Hattie Lloyd 09/08/23
Think the restaurants in Covent Garden are there solely to cater to tourists? Then the only thing you’ll be eating are your words.
From kebabs at a hidden chef’s table to slap-up steak dinners, lively counter-side spots and a grand Central European-inspired cafe-restaurant that looks like it’s just waltzed out of Vienna, Covent Garden’s restaurants have so much more to offer than just pre-theatre dining.
So, whether you’re off to see one of the best theatre shows in London or stand-up at The Top Secret Comedy Club (though you didn’t hear that from us), here’s 16 of the best restaurants in Covent Garden that you absolutely can’t miss:
Frenchie is one of the best restaurants in Paris. So it makes sense that this second branch, nestled among the many restaurants around Covent Garden’s piazza, isn’t too shabby either. It’s brought more than a soupçon of Parisian charm with it, in the form of parquet floors, soft vintage globe lighting and smooth marble counters – a suaveness you’ll also find in the menu. Expect English ingredients incorporated into elegant French cuisine, like Cornish brill with pan-seared gnocchi, girolles and ceps; and duck breast with Mirabelle plums, apple, black pudding and sage – all with one of the city’s best wine selections to boot.
Details: 16 Henrietta Street, Covent Garden, WC2E 8QH | Book here
Tom Sellers’ first Story was pretty good (after all, it only won two Michelin stars…) and his follow-up here in Neal’s Yard ain’t bad either: a more casual space where you can sit up on marble counters and watch the chefs go to work on racks of succulent rotating rotisserie chicken. Downstairs, there’s a walk-in wine cellar and a couple of plushier sit-down tables surrounded by banquette seating, coloured in a deep shade of red. That’s the other side of the story…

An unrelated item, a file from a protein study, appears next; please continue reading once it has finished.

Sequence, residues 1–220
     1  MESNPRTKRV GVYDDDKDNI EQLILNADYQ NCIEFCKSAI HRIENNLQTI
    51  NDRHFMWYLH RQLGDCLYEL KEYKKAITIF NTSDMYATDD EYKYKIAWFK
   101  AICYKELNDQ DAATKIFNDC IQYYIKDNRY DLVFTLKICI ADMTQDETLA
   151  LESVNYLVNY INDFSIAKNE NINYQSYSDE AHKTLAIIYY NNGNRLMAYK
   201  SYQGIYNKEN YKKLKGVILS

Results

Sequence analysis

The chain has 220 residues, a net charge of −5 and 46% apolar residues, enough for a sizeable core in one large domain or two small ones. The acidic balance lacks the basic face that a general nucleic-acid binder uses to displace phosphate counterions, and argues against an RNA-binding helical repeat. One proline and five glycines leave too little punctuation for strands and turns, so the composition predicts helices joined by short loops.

Details: 17 Neal’s Yard, Seven Dials, London WC2H 9DP | Book here
Dishoom Covent Garden
Every Londoner needs to go to Dishoom at least twice in their lives (not just for dinner, but for breakfast too). These Bombay cafe-inspired restaurants are considered more of a must-visit than many London attractions, and with the queues to boot – though at least you’ll receive a cup of warm chai tea for your troubles. The Covent Garden restaurant is the original don and offers up all the Modern Indian dishes that have taken the capital by storm – the black daal, bacon naans, chicken ruby – in a swish setting styled after old cinemas from Bombay’s 1940’s Talkies Era.
Details: 12 Upper St. Martin’s Lane, London, WC2H 9FB | Book here for breakfast, lunch & larger groups
Following up one of the most acclaimed restaurants in London (The Palomar) is tough. But The Barbary makes it look easy. All they had to do was pick a good spot (the colourful nook that is Neal’s Yard), do that spot justice on the inside (achieved via low-key, bare cement walls left from the previous tenants, and a smooth, zinc horseshoe dining bar), riff on the cuisine that brought their debut so much acclaim (here, it’s inspired by the Barbary Coast – Morocco, Algeria, Tunisia and Libya), and do it really well. Which, luckily, they have done.
Can’t get a seat at The Barbary? Head to The Barbary Next Door, located…right next door. It’s essentially a mini Barbary, where, sat up at the counter, you can feast on similar North African fare, but this time with sommelier-extraordinaire Honey Spencer (Sager + Wilde, The Mulwray) curating the wines.